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It’s a sure bet that The King’s Speech will snag Colin Firth a second Academy Award nomination (after last year’s A Single Man), and the historical drama will probably get Oscar nods in other categories as well. It’s as widely acclaimed by critics as a motion picture can be. So why would it be promoted with such an abysmal poster?
The display in question looks as if it was slapped together in 15 minutes – a half-hour, tops. Someone pathed around the stars’ likenesses in Photoshop, did simple copy and paste commands to put them in front of a cloudy backdrop, and that’s about it. The result is what looks like three life-size cardoard cutouts posed in a Walmart portrait studio. It’s the sort of slapdash quality you would expect for a direct-to-DVD Shannon Tweed movie, not a big-time Oscar contender.
Think I’m being harsh? Well, the film’s director agrees with me. “I hate it,” Tom Hooper told Movieline. “I hate it,” he repeated. “And it is not going to ever be on any cinema walls. It will be replaced. It’s a train smash.” (I guess Brits say “train smash” instead of “train wreck,” or is it just an affectation of Hooper’s?)
Hooper said the mess “will be replaced very quickly with a very good poster.” That will have to be done quickly indeed, as the movie’s set for wide release in just a few weeks.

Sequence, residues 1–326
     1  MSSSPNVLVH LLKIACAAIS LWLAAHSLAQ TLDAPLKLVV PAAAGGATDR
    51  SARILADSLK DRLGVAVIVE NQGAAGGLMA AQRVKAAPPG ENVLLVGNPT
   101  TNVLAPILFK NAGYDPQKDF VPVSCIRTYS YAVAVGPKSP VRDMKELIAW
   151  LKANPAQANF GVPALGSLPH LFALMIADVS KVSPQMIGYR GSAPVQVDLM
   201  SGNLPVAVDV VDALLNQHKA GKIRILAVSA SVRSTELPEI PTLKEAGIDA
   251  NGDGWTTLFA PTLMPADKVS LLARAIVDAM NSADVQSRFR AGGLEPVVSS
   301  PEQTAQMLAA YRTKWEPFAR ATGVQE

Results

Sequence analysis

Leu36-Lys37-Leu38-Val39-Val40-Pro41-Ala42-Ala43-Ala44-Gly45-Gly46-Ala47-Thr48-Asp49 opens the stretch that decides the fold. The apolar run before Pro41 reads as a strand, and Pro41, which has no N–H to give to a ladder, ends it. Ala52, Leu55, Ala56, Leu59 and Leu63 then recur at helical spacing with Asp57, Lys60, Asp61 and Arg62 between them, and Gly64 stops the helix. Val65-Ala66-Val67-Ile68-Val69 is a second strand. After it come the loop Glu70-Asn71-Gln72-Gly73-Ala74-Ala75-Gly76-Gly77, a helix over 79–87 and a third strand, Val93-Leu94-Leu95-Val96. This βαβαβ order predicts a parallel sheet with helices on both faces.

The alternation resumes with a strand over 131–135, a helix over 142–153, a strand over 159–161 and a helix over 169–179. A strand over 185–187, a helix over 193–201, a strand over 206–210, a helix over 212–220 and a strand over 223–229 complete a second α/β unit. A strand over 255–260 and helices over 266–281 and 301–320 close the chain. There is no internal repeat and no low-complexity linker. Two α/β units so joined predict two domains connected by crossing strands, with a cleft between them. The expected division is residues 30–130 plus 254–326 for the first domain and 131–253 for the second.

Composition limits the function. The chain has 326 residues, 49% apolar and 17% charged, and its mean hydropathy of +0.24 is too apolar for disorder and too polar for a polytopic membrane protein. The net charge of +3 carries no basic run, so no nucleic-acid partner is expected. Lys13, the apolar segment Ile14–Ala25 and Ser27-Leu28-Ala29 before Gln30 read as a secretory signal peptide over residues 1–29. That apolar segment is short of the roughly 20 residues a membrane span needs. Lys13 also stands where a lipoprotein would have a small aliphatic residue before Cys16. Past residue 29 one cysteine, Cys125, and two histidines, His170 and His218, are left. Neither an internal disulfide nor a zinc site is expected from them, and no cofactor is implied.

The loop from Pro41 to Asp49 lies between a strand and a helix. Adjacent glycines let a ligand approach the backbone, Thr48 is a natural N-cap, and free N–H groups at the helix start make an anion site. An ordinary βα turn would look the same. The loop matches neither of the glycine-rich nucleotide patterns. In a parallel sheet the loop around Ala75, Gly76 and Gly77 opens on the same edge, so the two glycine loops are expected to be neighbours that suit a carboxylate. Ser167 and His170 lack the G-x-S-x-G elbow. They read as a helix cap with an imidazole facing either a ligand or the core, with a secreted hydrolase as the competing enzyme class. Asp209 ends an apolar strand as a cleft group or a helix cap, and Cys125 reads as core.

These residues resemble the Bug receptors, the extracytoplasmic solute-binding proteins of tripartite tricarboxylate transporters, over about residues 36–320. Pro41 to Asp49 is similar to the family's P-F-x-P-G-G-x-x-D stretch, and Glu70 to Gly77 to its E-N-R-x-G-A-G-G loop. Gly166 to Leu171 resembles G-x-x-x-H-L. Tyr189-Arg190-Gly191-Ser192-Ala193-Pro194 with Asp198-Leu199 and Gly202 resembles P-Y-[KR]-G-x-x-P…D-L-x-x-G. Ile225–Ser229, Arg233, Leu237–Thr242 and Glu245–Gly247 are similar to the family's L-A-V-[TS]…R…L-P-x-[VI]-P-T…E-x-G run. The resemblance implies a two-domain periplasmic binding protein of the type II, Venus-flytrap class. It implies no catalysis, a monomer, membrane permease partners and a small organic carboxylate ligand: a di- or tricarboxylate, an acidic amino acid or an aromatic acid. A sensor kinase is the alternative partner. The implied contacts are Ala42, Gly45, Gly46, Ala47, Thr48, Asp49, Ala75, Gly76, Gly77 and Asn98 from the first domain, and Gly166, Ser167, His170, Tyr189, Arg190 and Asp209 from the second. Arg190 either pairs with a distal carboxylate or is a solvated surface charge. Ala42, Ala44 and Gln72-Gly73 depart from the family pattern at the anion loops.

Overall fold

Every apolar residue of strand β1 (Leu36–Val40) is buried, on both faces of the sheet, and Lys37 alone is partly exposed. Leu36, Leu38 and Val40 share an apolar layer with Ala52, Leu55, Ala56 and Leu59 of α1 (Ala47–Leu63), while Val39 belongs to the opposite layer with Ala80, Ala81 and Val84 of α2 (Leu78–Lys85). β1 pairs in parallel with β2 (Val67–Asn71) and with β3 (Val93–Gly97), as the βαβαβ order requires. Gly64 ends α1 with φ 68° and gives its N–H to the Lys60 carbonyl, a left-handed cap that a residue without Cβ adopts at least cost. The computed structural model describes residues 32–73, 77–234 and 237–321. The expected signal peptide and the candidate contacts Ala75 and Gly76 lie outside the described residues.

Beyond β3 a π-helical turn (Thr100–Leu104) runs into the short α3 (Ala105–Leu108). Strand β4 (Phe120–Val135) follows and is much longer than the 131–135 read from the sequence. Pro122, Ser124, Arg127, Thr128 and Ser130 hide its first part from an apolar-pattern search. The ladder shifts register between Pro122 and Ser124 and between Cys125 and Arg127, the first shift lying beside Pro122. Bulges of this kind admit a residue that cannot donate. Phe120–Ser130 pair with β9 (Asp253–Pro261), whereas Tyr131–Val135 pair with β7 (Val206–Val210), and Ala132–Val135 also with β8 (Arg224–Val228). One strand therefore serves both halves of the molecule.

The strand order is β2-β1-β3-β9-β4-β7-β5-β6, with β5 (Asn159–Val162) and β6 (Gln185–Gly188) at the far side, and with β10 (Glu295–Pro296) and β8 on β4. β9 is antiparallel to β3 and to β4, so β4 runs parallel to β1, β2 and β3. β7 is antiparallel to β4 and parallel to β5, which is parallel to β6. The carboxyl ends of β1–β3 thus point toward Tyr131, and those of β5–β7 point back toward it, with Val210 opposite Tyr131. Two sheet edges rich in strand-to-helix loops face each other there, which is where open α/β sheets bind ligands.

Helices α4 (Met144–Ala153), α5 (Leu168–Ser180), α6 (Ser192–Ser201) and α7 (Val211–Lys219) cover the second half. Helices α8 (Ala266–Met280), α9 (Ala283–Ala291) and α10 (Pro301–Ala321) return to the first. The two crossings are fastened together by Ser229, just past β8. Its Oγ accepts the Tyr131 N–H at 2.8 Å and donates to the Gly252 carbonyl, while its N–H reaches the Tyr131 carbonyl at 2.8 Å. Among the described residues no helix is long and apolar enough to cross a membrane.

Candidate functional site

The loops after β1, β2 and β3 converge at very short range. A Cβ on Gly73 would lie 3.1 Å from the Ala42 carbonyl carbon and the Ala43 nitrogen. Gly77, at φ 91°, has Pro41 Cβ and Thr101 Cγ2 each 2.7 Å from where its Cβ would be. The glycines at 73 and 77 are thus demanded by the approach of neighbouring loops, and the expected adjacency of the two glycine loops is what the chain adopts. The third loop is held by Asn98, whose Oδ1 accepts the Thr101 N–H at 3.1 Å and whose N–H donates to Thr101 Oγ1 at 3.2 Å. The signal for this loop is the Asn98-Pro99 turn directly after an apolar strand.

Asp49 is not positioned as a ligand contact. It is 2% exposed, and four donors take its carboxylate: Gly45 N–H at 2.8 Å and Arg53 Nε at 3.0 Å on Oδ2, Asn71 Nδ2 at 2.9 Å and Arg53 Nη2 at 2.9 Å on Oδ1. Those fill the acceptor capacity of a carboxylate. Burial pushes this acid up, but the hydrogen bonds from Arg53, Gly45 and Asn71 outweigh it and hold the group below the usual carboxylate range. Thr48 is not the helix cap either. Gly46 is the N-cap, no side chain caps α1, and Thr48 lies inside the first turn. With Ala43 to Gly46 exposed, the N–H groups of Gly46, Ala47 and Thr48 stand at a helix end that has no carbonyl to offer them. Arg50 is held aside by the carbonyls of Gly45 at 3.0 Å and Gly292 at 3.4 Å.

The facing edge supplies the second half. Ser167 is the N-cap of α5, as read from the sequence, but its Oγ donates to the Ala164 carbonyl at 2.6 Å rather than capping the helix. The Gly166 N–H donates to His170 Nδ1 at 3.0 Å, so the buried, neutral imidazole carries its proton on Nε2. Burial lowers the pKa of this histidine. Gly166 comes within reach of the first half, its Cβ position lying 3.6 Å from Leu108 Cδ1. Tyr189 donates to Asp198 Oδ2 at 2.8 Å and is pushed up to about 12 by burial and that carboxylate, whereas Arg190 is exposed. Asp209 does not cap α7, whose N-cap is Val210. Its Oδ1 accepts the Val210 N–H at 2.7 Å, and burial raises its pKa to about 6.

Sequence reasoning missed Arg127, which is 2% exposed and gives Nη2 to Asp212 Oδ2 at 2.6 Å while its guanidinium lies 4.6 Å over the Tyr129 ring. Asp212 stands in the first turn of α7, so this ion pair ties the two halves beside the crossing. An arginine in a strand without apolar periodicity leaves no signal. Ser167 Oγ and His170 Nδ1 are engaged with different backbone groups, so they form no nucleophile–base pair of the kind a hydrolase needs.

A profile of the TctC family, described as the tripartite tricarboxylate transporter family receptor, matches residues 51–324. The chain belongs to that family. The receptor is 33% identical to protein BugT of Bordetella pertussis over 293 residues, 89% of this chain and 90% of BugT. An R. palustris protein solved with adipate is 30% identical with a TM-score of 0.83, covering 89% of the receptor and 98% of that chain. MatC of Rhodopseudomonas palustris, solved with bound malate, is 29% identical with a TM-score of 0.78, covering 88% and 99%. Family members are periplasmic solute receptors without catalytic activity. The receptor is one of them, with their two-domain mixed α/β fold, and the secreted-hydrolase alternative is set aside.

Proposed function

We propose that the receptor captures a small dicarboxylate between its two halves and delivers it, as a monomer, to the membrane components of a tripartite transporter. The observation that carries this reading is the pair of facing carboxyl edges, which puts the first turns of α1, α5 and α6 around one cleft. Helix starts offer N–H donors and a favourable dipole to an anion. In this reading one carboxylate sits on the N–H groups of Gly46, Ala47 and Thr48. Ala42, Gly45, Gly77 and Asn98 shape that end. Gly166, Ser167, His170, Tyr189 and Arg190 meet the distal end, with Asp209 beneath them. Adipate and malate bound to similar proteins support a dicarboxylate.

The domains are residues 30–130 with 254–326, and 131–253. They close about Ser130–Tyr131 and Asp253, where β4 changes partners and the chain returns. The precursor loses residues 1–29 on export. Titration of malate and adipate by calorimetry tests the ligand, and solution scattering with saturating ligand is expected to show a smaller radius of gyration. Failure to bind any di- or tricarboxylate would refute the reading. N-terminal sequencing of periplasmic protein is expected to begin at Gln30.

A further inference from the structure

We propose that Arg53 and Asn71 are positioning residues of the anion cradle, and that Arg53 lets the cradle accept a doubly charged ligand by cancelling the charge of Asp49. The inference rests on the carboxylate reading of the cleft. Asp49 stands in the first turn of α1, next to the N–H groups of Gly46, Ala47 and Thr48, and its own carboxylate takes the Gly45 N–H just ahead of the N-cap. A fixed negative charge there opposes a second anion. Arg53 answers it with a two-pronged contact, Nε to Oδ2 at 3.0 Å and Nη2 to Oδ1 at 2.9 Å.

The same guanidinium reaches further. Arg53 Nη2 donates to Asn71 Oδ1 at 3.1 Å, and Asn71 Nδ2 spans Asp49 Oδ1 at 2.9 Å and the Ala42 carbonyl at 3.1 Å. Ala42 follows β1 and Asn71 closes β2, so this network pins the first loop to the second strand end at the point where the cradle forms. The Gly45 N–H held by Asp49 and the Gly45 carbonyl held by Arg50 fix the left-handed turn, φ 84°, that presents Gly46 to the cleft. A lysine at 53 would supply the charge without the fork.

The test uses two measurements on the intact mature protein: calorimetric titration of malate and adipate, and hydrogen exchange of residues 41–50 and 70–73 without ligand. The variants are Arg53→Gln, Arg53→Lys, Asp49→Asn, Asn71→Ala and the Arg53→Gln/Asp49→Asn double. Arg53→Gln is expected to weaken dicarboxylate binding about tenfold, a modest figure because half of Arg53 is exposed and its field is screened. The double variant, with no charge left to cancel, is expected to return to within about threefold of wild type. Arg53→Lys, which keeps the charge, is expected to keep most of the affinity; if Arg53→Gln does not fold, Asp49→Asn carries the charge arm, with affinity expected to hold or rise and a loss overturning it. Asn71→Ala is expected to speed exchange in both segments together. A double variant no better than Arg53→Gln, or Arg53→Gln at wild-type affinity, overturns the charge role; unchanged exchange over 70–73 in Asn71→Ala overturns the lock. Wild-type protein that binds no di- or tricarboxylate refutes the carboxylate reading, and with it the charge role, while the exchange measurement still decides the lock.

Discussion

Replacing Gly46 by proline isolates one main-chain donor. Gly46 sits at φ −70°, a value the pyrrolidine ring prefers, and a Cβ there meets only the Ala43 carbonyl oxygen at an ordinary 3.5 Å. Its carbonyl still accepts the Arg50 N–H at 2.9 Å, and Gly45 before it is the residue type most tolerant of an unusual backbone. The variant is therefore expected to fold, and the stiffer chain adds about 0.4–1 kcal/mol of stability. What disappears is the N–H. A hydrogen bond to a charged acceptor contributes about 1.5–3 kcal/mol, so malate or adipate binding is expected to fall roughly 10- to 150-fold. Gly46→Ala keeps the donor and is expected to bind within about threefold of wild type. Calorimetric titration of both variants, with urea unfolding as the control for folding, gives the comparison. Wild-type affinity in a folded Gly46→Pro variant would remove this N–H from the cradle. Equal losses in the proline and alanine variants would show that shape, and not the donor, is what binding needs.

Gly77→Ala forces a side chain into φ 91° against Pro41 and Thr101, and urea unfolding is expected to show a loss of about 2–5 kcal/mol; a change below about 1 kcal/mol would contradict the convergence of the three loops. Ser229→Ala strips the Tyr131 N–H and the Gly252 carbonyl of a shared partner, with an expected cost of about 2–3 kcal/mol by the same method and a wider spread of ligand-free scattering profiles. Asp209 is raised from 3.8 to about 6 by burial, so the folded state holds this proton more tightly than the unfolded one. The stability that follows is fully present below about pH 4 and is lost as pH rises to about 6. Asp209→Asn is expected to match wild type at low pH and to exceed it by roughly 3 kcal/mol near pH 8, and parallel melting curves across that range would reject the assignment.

There’s no Oscar for poster design, but it is an important part of the movie business. A good poster can help greatly in letting the world know you’ve got an interesting cinematic treat, or fooling the world into thinking there’s a quality movie. It’s a public announcement, or lie, that there’s good stuff ahead.
I’ve noticed some impressive posters this year, including the eye-catching campaigns for Kick-Ass and Clash of the Titans. I like the ones I’ve seen for this weekend’s Morning Glory and Unstoppable; they’ve succeeded in getting me interested in what I gather are two rather pedestrian Hollywood products.
A good movie poster should have some details specific to the movie, but not too much. It should give the potential ticket-buyer an idea of what the movie is about, and what kind of flick has been made. Is it a comedy? A drama? A shoot-’em-up? You should be able to tell with a quick glance.
Above all, there should be something about it that catches people’s attention and suggests quality.
The first poster for The King’s Speech fails at doing that. Instead, it bores. We are not amused. Well, actually, we are. But for the wrong reasons.Click here for reuse options!